6. If you have ever tried to change your speech or mannerisms to gain acceptance, take one step back.
  7. If you go on multiple vacations in a year, take one step forward,
  8. If you ever felt embarrassed about your clothes or house while growing up, take one step back.
  9. If people have blamed your mistakes on your gender/ethnicity, take one step backwards.
  10. If you can legally marry the person you love, take one step forward.
  11. If you were born in Singapore, take one step forward.
  12. If you or your parents have ever gone through a divorce, take one step back.
  13. If you felt like you had adequate access to healthy food growing up, take one step forward.
  14. If you are reasonably sure you would be hired for a job based on your ability and qualifications, take one step forward.
  15. If you feel comfortable being emotionally expressive/open, take one step forward.
  16. If you have ever been the only person of your race/gender/sexual orientation in a classroom or workplace setting, please take one step back
  17. If you had a job during your secondary and/or ITE/Polytechnic/Junior College years, take one step back.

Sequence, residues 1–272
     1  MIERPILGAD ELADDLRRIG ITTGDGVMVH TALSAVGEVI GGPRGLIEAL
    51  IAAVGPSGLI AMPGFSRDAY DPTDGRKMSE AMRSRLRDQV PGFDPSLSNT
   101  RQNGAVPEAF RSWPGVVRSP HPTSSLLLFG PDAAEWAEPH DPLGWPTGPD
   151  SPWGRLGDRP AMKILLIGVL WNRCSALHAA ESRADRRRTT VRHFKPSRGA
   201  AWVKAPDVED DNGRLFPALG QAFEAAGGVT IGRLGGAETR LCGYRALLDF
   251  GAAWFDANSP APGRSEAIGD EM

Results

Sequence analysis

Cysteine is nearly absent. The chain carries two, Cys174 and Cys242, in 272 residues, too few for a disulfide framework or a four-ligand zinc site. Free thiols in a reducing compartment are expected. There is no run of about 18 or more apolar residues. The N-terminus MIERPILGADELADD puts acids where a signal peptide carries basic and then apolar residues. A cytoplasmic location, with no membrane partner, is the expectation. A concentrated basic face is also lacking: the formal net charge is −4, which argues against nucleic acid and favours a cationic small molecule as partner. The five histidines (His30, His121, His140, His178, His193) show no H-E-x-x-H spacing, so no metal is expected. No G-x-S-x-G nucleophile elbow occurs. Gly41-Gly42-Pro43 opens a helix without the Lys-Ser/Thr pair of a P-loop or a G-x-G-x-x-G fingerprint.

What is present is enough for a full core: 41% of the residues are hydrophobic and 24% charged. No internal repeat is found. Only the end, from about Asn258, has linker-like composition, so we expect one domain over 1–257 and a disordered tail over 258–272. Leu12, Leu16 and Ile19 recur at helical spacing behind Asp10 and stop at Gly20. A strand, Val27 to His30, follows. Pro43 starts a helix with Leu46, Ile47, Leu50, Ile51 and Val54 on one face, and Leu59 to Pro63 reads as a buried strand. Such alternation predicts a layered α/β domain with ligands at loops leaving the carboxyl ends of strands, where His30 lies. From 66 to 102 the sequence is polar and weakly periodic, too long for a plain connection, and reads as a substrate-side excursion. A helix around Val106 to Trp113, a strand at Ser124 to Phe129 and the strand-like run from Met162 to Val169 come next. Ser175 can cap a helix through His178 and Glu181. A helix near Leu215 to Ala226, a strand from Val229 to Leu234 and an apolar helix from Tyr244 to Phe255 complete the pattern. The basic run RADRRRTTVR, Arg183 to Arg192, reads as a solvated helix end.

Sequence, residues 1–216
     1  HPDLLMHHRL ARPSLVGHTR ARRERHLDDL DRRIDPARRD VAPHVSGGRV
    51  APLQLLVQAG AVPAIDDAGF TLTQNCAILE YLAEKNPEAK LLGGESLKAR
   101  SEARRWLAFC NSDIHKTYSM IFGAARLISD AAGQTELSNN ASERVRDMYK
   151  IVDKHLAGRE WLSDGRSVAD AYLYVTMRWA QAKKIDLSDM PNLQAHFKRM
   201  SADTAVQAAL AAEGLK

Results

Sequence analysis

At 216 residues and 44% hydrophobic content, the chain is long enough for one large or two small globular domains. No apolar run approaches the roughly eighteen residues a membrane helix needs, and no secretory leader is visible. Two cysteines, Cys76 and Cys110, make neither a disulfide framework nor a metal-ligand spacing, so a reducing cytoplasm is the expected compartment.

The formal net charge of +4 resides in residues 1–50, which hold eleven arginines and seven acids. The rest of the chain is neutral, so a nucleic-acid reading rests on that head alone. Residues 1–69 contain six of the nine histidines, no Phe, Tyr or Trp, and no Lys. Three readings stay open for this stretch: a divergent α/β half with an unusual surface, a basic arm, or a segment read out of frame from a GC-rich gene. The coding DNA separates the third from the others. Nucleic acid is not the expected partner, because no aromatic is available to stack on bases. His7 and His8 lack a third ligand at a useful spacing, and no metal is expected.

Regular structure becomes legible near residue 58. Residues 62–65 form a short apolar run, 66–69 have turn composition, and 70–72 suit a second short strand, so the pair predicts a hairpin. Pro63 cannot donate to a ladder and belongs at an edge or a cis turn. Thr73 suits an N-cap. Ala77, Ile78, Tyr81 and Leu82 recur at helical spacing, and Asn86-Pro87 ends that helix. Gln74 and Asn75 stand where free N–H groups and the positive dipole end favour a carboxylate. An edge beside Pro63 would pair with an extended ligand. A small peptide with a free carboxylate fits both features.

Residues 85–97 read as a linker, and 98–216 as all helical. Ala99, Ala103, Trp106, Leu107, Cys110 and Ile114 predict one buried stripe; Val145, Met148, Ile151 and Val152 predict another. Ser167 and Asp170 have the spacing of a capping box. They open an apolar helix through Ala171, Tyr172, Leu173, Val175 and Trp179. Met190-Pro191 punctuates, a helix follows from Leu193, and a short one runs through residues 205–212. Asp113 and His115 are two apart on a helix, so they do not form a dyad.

18. If you feel comfortable walking home alone at night, take one step forward.
  19. If you have ever traveled outside of South East Asia, take one step forward.
  20. If you have ever felt like there was NOT adequate or accurate representation of your racial group, sexual orientation group, gender group, in the media, take one step back.
  21. If you feel confident that your parents would be able to financially help/support you if you were going through a financial hardship, take one step forward.
  22. If you have ever been bullied or made fun of based on something that you can’t change, take one step back.
  23. If you’ve ever went on a family vacation, take one step forward.
  24. If you can buy new clothes or go out to dinner whenever you want to, take one step forward.
  25. If you were ever offered a job because of your association with a friend or family member, take one step forward.
  26. If one of your parents was ever laid off or unemployed not by choice, take one step back.
  27. If you were uncomfortable about a joke/statement you overheard related to your race, gender, appearance, or sexual orientation but felt unsafe to confront the situation, take one step back.
  28. If you have ever been rejected in a job interview because of your race/skin colour, take one step back.
  29. If you were bullied/discriminated in Singapore based on your country of origin, take one step back.
  30. If you’ve ever been excluded from a sport because of your gender, take one step back.
  31. If you have access to tertiary education, take one step forward.
  32. If you have been told that the way you dress is attracting unwanted judgement, take one step back.
  33. If you’ve ever been looked down upon for a job that you do, take one step back.
  34. If you own or have access to your own car/motorcycle, take one step forward.
  35. If you had multiple tuitions at the same time in school, take one step forward.